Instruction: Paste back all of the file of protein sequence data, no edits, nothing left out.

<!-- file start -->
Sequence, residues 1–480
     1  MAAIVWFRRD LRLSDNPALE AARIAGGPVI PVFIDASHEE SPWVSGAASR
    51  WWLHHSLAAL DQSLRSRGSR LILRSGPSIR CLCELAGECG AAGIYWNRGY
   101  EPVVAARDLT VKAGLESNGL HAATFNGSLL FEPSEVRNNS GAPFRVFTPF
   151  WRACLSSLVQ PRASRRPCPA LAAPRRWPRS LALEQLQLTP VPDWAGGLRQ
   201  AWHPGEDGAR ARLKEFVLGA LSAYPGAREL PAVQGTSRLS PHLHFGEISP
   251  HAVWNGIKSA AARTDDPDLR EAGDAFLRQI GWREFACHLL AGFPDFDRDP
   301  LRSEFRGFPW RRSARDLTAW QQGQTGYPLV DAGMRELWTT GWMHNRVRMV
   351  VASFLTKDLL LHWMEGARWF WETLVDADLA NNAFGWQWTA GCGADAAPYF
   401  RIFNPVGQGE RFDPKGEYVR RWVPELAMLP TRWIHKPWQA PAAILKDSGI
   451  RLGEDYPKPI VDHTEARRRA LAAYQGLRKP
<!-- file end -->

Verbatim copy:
Sequence, residues 1–480
     1  MAAIVWFRRD LRLSDNPALE AARIAGGPVI PVFIDASHEE SPWVSGAASR
    51  WWLHHSLAAL DQSLRSRGSR LILRSGPSIR CLCELAGECG AAGIYWNRGY
   101  EPVVAARDLT VKAGLESNGL HAATFNGSLL FEPSEVRNNS GAPFRVFTPF
   151  WRACLSSLVQ PRASRRPCPA LAAPRRWPRS LALEQLQLTP VPDWAGGLRQ
   201  AWHPGEDGAR ARLKEFVLGA LSAYPGAREL PAVQGTSRLS PHLHFGEISP
   251  HAVWNGIKSA AARTDDPDLR EAGDAFLRQI GWREFACHLL AGFPDFDRDP
   301  LRSEFRGFPW RRSARDLTAW QQGQTGYPLV DAGMRELWTT GWMHNRVRMV
   351  VASFLTKDLL LHWMEGARWF WETLVDADLA NNAFGWQWTA GCGADAAPYF
   401  RIFNPVGQGE RFDPKGEYVR RWVPELAMLP TRWIHKPWQA PAAILKDSGI
   451  RLGEDYPKPI VDHTEARRRA LAAYQGLRKP